Obama's beer summit vs. Obama's health-care summit

Sunday, February 28, 2010

Two of the biggest media-frenzy moments of the Obama presidency have also been two of the most contrived: the "beer summit" of July 30, when Obama met with Harvard professor Henry Louis Gates Jr. and Cambridge police Sgt. James Crowley in the White House Rose Garden, and the health-care summit on Thursday, in which the president sparred with GOP lawmakers at Blair House.

The gatherings, both called and hosted by Obama, were supposed to tackle some of the weightiest issues in America -- race and health care. But in the end, both may be recalled more as photo-ops, symbols of divides more than chances to bridge them.

Before Thursday, much was made of how, finally, television cameras would enable the American public to witness health-care negotiations in real time. But the cameras ensured that many of the participants preened and rehashed long-held arguments. Better if C-SPAN had joined the beer summit instead -- however raw or awkward or genial that conversation, it had a chance of being real. At the health-care summit, by contrast, reality was often imported via moving stories of things that had happened to other people.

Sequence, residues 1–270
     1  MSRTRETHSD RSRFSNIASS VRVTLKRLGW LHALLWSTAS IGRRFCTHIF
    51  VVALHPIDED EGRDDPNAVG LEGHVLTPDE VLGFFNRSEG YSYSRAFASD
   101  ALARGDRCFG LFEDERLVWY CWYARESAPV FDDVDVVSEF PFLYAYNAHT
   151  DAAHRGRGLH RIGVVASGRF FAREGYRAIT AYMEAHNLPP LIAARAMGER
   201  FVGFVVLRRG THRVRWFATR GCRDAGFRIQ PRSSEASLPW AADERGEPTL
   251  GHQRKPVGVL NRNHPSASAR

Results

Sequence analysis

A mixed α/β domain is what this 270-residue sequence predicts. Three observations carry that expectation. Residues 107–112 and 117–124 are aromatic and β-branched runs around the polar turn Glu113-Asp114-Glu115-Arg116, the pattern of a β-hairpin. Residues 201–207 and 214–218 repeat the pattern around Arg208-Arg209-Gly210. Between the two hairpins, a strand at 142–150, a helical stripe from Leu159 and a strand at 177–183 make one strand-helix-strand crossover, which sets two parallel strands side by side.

Summits or not, the Obama presidency will certainly not fix race relations; it may not reform health care, either. But the president's remarks at the end of each meeting were revealing.

After the beer summit: "I have always believed that what brings us together is stronger than what pulls us apart. I am confident that has happened here tonight, and I am hopeful that all of us are able to draw this positive lesson from this episode."

At the conclusion of the health-care summit: "We have honest disagreements about the vision for the country, and we'll go ahead and test those out over the next several months till November. All right?"

Is it a sign of the chances of bipartisan health-care reform that Obama seems more hopeful on race relations in America? Maybe. On race, at least, the answers must be grounded in real mutual understanding. That takes longer, but it lasts longer, too. There is no quick-fix reconciliation maneuver available.

-- Carlos Lozada

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